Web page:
The titles of all four Gospels were unanimously accepted in the early church as having been written by Matthew, Mark, Luke, and John. There is absolutely no evidence to the contrary.
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Re: Were the Gospels written by eye-witnesses?

Postby Cicero » Wed May 10, 2017 4:09 pm

I don't have time at this moment to give your eloquent post the response it deserves, but I would like briefly to counter your in my view very uncritical assessment of the traditional authorship of the Gospels.

> The author of Matthew was a conservative-minded Jew, not inclined to sectarian views, interested in the Law, in ecclesiastical matters, and burdened about customs.

This doesn't prove he was the apostle, it just proves he was a conservative-minded Jew, not inclined to sectarian views, interested in the Law, in ecclesiastical matters, and burdened about customs. Don't really see where you're going here...

> Mark seems to have been a friend of Peter's, and his book speaks of Pete a lot.

Mark shows evidence of having been written in the 70s. By this time Peter was dead. Also, Mark shows the tell-tale structural signs of having been based on oral tradition, not eyewitness information.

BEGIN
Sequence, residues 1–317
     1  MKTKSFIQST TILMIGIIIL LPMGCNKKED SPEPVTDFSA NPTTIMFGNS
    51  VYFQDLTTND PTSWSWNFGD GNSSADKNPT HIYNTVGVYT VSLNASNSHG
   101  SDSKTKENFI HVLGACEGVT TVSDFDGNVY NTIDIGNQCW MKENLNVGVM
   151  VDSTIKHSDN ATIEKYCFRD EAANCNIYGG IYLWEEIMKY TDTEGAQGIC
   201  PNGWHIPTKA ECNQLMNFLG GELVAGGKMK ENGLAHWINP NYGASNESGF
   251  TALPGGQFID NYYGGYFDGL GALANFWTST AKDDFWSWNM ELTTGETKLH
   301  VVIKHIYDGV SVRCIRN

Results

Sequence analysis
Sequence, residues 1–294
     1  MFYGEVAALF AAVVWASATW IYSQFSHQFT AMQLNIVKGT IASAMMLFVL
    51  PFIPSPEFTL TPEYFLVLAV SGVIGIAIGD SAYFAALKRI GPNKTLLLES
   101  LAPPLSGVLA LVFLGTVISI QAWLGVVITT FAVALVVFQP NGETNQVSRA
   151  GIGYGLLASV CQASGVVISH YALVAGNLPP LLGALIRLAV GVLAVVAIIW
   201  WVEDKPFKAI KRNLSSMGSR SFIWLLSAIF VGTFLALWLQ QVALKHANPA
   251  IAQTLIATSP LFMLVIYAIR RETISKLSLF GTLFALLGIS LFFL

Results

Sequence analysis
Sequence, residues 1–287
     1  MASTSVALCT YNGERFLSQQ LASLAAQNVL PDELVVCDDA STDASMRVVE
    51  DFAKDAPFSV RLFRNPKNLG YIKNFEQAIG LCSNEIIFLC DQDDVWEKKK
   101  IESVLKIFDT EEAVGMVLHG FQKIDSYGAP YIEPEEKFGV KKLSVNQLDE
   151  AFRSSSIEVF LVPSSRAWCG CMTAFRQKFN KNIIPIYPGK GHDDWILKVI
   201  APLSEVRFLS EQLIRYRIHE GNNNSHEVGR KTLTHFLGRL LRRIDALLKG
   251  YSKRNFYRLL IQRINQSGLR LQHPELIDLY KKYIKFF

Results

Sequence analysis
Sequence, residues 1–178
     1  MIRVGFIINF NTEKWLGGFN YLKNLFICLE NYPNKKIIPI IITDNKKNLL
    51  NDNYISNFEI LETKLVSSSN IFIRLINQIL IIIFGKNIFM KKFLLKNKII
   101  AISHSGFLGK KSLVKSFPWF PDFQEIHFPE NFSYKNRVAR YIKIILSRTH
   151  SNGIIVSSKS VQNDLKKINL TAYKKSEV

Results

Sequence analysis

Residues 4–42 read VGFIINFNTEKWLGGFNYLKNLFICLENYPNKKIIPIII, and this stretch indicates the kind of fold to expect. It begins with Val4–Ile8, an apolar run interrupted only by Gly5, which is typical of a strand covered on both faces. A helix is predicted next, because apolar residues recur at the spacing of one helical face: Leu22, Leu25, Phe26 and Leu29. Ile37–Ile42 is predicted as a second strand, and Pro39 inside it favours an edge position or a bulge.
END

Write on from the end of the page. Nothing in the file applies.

> Luke clearly speaks as a historian.

This is just plain wrong, as I pointed out in a previous comment. It is an error of genre. The Gospel of Luke is a novellistic biography, not a work of history, and has very few of the normal indications of critical historiography (like explicit reflection on the sources he used)

> John, on the other hand, is replete with eye-witness details that could never have been known (or would have been bothered with) if one had not been there.

The vividity of the Johannine narrative might just as well be fiction. Evidence for this view is found, for instance, in the fact that events which John definitely didn't witness, like the conversation between Pilate and Jesus, are described very vividly too (in my view).

If you want to go into this further I'd be very glad to enumerate my reasons for holding that there is a huge amount of evidence against the proposition that the Gospels were written by these people (rather than merely responding to your claims, as I have now)
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Re: Were the Gospels written by eye-witnesses?

Postby jimwalton » Wed May 10, 2017 4:11 pm